New House Democratic Leader Richard Hammel, of Mt. Morris Township, joins Bay City's Charles Brunner, right, and other supporters to announce a "Hire Michigan First" jobs plan.
Rep. Brunner, House Democrats Launch Michigan Jobs First Plan
January 30, 2011
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By: Dave Rogers
Clean coal is part of a plan State Rep. Charles Brunner, D-Bay City, is bringing to Bay City today.
The message to be delivered at the IBEW union hall is: "Hire Michigan First!"
But Clean Coal, the essence of the proposed $2.3 billion expansion of Bay City's Karn-Weadock plant, is only one key element in a Democratic-led jobs rally.
Barring illegal immigrants on projects backed with state funds and building the proposed Detroit River international crossing project are the other parts of the plan.
House Democratic Leader Richard E. Hammel (D-Mt. Morris Township) said that he wants quick bipartisan action on three plans that will put tens of thousands of Michigan workers back on the job in the coming months.
"People in Michigan need jobs, and they need them now," Hammel said. "House Democrats have been working for years on concrete plans to create jobs. As we start the new legislative session, we hope that it truly is a 'new day' in Lansing and that legislative leaders and the new administration will work with us on these solutions so we can get people back on the job right away. I think the residents of Michigan are encouraged by what they are hearing about a new bipartisan spirit. What they really want, though, is action. That's what House Democrats want as well."
In a press conference with other members of the House Democratic Caucus, Hammel highlighted three initiatives that House Dems have been working on for years. They are:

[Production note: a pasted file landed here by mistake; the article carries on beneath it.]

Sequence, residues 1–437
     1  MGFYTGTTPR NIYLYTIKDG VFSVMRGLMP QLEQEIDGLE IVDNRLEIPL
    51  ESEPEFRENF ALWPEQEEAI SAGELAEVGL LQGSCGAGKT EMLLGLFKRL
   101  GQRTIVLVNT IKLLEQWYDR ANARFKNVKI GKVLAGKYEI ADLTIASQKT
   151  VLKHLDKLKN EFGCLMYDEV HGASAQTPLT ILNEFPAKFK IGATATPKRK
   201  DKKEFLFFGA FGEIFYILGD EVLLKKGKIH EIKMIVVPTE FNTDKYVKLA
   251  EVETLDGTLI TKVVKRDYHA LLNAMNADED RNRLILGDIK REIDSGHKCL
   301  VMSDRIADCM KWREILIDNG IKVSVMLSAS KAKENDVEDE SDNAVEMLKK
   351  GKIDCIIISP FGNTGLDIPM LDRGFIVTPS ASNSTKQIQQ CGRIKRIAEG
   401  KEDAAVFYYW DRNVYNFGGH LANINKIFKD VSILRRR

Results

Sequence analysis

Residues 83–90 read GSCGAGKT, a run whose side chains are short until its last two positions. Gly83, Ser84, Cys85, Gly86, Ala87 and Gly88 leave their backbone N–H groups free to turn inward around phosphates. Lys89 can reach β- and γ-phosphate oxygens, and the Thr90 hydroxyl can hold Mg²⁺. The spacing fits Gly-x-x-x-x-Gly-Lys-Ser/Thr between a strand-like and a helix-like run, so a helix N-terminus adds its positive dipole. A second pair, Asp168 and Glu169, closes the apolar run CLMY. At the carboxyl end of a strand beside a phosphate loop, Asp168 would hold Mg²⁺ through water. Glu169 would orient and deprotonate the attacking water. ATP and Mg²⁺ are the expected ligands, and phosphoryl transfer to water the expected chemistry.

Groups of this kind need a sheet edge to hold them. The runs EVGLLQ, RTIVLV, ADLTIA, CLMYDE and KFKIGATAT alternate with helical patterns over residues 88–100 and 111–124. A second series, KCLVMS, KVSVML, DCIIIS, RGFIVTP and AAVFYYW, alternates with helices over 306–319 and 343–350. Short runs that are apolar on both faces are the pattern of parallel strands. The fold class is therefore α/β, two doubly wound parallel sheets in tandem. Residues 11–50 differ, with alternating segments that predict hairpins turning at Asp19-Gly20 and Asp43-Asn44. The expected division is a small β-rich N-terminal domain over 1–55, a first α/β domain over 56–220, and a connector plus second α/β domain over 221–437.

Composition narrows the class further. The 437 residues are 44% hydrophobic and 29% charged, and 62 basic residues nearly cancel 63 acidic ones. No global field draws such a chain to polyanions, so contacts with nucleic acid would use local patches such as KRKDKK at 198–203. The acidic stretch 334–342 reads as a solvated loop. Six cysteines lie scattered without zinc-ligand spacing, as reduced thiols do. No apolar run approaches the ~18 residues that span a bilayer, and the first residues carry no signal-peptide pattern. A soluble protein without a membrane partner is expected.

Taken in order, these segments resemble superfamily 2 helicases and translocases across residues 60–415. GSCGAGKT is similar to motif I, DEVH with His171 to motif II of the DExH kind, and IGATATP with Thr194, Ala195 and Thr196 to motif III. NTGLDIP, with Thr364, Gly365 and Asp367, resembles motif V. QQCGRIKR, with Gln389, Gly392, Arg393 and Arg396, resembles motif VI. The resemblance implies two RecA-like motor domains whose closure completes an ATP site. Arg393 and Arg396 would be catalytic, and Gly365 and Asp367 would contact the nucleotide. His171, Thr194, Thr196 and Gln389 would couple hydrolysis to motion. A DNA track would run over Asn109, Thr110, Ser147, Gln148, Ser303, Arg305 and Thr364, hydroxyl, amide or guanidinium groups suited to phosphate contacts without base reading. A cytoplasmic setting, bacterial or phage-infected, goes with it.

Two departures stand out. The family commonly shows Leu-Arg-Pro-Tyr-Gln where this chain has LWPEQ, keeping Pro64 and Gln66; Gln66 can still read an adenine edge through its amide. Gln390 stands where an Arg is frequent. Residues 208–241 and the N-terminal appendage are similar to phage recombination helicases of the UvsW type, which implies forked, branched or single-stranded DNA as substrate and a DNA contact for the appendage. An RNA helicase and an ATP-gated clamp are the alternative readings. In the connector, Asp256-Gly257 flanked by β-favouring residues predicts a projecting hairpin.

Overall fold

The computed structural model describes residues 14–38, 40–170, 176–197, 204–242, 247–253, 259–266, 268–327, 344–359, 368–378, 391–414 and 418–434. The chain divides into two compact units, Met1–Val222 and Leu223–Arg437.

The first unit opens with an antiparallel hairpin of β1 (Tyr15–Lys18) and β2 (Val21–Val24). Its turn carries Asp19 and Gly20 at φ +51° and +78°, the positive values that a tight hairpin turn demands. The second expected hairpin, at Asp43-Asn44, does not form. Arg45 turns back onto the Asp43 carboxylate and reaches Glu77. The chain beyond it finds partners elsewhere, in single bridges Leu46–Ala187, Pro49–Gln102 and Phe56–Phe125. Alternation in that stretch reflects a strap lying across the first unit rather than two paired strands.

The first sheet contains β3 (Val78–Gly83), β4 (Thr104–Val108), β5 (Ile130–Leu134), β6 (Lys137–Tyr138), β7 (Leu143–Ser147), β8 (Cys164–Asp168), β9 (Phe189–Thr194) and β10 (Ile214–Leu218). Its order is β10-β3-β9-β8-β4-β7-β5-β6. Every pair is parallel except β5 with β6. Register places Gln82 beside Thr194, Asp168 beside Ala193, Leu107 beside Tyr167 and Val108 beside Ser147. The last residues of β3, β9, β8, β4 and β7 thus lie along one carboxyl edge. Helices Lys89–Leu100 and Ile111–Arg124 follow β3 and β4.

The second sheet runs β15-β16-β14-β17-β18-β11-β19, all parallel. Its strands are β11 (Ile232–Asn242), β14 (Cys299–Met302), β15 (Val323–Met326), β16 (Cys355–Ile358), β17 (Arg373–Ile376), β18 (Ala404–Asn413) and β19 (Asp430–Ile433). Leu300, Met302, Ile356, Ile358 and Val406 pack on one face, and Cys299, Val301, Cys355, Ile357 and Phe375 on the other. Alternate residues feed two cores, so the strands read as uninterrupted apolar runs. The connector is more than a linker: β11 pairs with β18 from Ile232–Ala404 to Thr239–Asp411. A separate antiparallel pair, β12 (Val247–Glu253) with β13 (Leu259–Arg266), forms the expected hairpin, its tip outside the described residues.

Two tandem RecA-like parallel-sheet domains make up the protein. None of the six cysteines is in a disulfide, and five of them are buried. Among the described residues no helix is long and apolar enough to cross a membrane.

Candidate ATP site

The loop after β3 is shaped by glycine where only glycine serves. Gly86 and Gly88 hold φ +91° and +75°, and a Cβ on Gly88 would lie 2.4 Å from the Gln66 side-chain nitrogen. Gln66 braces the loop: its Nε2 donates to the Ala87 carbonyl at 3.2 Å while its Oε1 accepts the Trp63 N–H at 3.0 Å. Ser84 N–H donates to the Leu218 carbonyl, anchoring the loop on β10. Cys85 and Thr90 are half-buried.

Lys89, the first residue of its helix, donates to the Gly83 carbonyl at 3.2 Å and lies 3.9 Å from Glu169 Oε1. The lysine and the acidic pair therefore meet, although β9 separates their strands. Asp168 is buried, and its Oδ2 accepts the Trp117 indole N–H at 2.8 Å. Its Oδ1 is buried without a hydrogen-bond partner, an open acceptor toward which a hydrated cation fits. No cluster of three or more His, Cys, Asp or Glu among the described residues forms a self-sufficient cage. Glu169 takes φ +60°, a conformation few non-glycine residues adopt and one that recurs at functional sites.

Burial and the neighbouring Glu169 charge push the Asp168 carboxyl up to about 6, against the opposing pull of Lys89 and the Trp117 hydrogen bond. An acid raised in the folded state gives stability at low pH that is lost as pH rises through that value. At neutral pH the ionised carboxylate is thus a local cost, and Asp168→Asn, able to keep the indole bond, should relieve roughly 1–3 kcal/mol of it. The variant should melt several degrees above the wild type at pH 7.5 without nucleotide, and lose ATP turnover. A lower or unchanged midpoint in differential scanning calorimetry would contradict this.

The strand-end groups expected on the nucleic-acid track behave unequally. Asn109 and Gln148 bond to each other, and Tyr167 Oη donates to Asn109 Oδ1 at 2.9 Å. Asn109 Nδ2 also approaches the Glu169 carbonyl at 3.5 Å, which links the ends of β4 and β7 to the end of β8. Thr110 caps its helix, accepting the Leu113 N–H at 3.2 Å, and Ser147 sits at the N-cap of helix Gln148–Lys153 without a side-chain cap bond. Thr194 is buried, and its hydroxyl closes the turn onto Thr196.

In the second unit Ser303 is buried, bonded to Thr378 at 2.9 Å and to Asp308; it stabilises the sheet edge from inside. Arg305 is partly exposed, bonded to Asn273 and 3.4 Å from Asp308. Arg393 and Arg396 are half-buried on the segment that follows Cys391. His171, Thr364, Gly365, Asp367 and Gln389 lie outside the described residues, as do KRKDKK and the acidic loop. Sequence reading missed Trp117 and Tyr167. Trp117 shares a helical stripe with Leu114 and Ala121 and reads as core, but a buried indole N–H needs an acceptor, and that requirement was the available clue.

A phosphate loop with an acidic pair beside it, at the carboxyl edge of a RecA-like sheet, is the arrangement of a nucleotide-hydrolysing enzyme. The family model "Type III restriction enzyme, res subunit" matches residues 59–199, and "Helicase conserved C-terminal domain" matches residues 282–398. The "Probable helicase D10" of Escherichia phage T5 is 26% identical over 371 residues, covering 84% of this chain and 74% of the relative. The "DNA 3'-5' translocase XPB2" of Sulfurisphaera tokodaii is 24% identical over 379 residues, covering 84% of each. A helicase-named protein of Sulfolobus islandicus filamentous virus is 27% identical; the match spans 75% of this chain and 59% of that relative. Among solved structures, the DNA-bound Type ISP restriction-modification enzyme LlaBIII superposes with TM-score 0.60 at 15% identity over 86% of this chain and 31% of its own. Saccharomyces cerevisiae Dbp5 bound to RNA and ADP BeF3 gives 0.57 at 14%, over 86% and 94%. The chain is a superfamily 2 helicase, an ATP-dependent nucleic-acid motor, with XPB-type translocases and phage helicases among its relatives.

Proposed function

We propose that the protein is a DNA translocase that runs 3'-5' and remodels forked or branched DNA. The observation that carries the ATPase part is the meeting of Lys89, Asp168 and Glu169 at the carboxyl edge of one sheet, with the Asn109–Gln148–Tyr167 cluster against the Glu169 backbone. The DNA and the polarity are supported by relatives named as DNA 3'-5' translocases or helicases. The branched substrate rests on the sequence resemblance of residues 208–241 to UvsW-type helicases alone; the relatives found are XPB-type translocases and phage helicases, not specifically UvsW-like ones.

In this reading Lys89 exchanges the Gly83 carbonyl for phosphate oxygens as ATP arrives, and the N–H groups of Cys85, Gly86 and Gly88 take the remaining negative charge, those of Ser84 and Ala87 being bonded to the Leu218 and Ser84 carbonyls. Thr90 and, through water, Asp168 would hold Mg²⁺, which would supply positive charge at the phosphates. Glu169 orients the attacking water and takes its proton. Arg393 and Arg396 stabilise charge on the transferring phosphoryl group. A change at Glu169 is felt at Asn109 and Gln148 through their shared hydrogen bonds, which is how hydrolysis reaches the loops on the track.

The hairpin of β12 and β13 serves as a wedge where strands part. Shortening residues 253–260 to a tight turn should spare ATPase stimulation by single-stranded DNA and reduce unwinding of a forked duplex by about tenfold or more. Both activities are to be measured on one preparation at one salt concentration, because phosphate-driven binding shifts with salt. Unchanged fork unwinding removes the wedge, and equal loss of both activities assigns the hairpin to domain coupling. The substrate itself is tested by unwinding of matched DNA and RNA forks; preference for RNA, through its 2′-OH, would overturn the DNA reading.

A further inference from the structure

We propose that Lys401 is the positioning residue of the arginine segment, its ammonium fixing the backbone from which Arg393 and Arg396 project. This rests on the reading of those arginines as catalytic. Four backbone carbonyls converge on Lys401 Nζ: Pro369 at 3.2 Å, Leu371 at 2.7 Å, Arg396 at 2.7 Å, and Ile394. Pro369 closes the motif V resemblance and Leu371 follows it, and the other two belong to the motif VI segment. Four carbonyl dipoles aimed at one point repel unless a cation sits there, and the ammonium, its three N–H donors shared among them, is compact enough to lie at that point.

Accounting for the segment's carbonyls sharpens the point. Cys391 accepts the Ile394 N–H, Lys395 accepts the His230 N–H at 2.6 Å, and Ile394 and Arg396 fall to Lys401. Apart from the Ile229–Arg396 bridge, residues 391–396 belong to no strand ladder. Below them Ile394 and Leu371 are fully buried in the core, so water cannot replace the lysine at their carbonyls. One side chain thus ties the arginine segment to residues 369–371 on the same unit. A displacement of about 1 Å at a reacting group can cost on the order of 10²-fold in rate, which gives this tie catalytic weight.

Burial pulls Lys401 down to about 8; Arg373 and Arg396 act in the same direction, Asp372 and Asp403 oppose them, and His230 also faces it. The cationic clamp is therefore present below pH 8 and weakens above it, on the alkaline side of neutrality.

The Hire Michigan First plan. This legislative package helps make sure that state economic development incentives and contracts are used to hire Michigan workers, not illegal immigrants or those from other states. House Democrats passed this plan multiple times, but key provisions were gutted by the Senate.
DRIC. The building of the Detroit River International Crossing -- supported by business, labor and government groups across Michigan and Canada -- will create 40,000 Michigan jobs, including 10,000 immediate construction jobs. House Dems passed the needed legislation last year, but the Senate didn't vote on it as promised.
Clean coal plants. Building a clean coal plant will create up to 5,000 jobs and help attract new employers to the state, and an approval process was established through energy reforms championed by House Dems in 2008. However, Gov. Jennifer M. Granholm's administration added a layer of regulation that has blocked the building of two plants.
"What I hear from my constituents every day is that they want me to focus, first and foremost, on supporting our businesses so they can create jobs in our community and put people back to work," said House Democratic Floor Leader Kate Segal (D-Battle Creek).
"I am sure that every legislator is hearing this back home. Lansing must act quickly on plans that will help tens of thousands of people get back on their feet in the coming months -- not next year or five years down the road. I look forward to working with our colleagues on both sides of the aisle and with the new Governor to get the job done."
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Dave Rogers is a former editorial writer for the Bay City Times and a widely read,
respected journalist/writer in and around Bay City.
(Contact Dave Via Email at firstname.lastname@example.org)
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